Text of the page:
Your 2L and 3L year would be a better time to invest though I would personally just recommend waiting until after the bar to start buying.

Lot more to say on this but I need to bill some hours....


Thanks @Danny Randazzo - I will. 

@Andy Brown - Thank you for this response. Debt is the definitely the more painful part of the move. I've been borderline neurotic in looking at post debt/living cost earnings post grad and like to think I've given the debt an honest look. It's certainly a hit, but I am aiming for that private sector (big law or bust-ish mentality). We're in a tight, but still market paying location here in LA so it just looks like that's one of my best bets for making a good amount- even after debt payments. 

Your response is really apt-- once again, much appreciated. Since you might be in the know about student loan repayment, just curious, would you advise allocating money to cash flowing investments over direct debt payments in the earlier years of working? For instance, if you one netted $100K cash after a year or two working and had $100K debt @ 6%, would you put that earned $100K into an investment that had (hopefully) greater than or equal to 6% CoC returns and funnel those returns into your debt payments? Or would you just clear your debt immediately?

This is an idea that's been stuck in the background of my head for a bit. It seems like investing it could potentially offset your loan payments and leave you with at least the total owed amount at the end. I would love to know if my thinking on this is off. 

I wish I was thinking of RE at your early age.  You combine that with a law degree and that would be an amazing combination.  I'm not a lawyer, but seems Andy Brown has good advice to concentrate on school and grades at first.  You have 30 to 40 years to grow your RE empire.  I second the Rod Khleif organization too.  It seems to be a great network of real estate investors!

@John Phillips Thank you. I appreciate the input-- having to do some up front time and energy investment into the grades looks like it may be the call. I also appreciate the perspective and faith. It's difficult to think about the bigger picture with no deals under the belt, but 30-40 years is a pretty big amount.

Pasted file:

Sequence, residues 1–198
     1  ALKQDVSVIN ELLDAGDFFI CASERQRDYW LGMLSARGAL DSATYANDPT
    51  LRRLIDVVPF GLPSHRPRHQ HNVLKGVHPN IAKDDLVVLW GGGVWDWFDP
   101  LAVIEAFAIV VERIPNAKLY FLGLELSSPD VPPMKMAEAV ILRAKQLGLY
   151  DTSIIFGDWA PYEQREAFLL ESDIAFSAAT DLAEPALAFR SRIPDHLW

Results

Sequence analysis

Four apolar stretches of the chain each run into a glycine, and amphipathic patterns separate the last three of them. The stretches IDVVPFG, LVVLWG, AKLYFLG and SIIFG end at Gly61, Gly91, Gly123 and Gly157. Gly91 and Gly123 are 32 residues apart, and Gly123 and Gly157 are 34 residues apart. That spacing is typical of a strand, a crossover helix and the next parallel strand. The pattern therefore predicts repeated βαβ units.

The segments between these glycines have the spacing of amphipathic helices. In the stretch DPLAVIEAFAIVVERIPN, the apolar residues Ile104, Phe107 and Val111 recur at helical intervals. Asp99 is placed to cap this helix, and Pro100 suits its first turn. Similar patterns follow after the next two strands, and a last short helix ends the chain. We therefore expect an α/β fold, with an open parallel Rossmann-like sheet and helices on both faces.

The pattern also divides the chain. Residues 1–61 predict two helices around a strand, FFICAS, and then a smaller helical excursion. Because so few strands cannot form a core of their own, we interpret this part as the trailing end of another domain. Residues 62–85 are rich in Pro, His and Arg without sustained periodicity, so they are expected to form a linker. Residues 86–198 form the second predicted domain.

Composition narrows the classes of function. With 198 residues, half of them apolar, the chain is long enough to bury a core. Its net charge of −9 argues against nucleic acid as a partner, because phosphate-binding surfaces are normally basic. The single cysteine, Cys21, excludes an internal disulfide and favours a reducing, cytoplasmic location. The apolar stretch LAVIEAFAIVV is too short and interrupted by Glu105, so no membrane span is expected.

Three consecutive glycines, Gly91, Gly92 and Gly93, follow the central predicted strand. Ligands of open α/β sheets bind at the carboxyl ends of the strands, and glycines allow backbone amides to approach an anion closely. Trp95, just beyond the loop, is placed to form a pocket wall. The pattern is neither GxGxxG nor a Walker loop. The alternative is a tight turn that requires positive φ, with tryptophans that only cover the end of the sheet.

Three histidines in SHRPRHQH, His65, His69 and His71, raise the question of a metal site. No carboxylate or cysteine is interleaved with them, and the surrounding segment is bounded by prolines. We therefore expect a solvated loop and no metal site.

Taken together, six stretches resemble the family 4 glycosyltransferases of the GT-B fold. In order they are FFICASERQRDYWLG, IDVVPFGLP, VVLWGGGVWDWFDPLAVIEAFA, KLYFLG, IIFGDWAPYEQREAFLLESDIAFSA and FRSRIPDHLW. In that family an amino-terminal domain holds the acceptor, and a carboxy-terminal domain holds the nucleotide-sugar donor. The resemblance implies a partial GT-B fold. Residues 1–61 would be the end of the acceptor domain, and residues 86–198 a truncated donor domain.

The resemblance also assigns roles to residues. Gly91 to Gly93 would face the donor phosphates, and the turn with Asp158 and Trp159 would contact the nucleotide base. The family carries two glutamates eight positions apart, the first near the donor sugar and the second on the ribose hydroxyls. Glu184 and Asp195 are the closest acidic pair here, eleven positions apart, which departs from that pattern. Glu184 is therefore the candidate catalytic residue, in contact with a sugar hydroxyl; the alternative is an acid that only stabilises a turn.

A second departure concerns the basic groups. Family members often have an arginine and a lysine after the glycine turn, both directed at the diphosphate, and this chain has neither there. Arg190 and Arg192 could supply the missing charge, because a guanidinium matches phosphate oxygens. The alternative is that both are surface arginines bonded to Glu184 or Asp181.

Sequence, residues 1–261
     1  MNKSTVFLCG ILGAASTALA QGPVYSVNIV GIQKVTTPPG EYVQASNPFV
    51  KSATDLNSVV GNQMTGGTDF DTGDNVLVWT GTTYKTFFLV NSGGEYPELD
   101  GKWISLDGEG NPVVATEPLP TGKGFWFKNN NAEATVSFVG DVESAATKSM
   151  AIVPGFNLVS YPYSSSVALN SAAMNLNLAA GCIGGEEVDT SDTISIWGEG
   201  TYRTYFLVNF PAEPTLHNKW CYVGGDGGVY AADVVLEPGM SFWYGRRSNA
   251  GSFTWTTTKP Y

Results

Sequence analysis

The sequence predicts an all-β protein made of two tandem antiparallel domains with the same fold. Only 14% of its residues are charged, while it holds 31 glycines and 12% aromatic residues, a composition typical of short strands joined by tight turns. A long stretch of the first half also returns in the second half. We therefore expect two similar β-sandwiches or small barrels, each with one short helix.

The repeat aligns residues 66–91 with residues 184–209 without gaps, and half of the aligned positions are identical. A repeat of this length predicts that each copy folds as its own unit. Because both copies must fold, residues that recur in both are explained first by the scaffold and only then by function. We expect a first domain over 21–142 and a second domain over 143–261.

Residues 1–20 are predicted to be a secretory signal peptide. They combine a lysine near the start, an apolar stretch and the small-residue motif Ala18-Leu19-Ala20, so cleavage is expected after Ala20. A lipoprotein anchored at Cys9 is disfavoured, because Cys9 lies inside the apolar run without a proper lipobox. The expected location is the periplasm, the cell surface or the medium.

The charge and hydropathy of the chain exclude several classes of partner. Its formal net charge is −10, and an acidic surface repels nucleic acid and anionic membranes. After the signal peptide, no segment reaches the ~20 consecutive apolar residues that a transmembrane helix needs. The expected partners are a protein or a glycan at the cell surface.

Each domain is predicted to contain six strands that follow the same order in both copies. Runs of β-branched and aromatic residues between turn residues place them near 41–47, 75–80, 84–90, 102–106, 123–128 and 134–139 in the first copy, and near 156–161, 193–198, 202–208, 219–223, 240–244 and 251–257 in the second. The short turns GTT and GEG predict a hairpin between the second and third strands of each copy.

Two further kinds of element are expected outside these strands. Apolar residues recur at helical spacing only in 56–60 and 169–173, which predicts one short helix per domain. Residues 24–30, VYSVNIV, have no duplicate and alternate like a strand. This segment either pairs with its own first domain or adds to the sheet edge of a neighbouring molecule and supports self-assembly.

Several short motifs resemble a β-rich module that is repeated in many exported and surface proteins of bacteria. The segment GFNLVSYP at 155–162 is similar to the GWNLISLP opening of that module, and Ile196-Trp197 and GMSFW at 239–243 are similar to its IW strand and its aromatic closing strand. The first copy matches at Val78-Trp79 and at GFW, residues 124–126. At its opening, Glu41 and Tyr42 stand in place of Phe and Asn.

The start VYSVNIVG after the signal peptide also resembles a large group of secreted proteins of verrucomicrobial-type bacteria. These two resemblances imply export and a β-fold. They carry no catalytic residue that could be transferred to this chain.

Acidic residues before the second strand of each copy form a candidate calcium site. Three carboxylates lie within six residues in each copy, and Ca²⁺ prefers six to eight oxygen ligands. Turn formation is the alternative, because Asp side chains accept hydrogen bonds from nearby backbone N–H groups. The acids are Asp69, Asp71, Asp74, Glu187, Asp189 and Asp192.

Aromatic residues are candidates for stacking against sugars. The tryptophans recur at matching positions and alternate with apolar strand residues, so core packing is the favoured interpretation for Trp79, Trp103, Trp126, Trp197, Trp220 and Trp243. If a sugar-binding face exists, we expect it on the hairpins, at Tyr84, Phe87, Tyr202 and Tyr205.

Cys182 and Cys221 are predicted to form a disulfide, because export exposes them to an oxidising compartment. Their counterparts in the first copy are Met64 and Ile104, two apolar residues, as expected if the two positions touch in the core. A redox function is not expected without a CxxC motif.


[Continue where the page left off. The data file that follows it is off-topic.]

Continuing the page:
@Ian Kirk

I would suggest finding someone you can assist to get a cut in the deals you help with. 2 suggestions:

1. Start following up with anyone that responds to you on BiggerPockets

2. Start going to real estate networking events near by to meet people doing what you want to do and offer your assistance.

Happy to help!

@Josh Oaten Thank you. That sounds like a good way to go about it given my situation. I'll make a goal to connect with the people I want to do. 

Just curious, what way could someone in my position-- either now or in a year or so, actually provide value to a person in your position? 

@Ian Kirk

Tough call on the debt pay-down. I think there are probably dozens of threads on the forums on that very topic that could speak on the issue better than I can. Dave Ramsey would say to knock the debt out first-- but he tends to come more from a personal finance perspective of debt. I really, really, hate personal debt so I think I would be tempted just to pay off my loan if I were presented with the scenario you proposed. However, all things being equal, I suspect the smarter approach is to do a bit of both. It's amazing how you can listen to hundreds of hours of podcasts and books and it still falls drastically short of what you'll learn simply by buying your first property. So I would try to get into buying a home as soon as practical after the bar. But keep in mind, if you hate practicing law, which many, many lawyers do, you may be forced to keep practicing solely because of your personal debt-- which is why many miserable attorneys keep practicing. So there's that. Hopefully you find work you enjoy.

Something else to think about, especially if you're single, is to drastically watch your personal spending. That is where the battle is really won. I drove a 1990 Ford Tempo before and all through law school (2012-2015), split $650 rent with three other guys, ate frozen dinners, and was able to avoid taking out any student loans. When you do become an attorney, be very, very, cautious of the lifestyle creep that attorneys so often get sucked into. For a paradigm shifting read on this issue and personal finance generally I would HIGHLY suggest reading the Millionaire Next Door. 

Feel free to PM me for more info.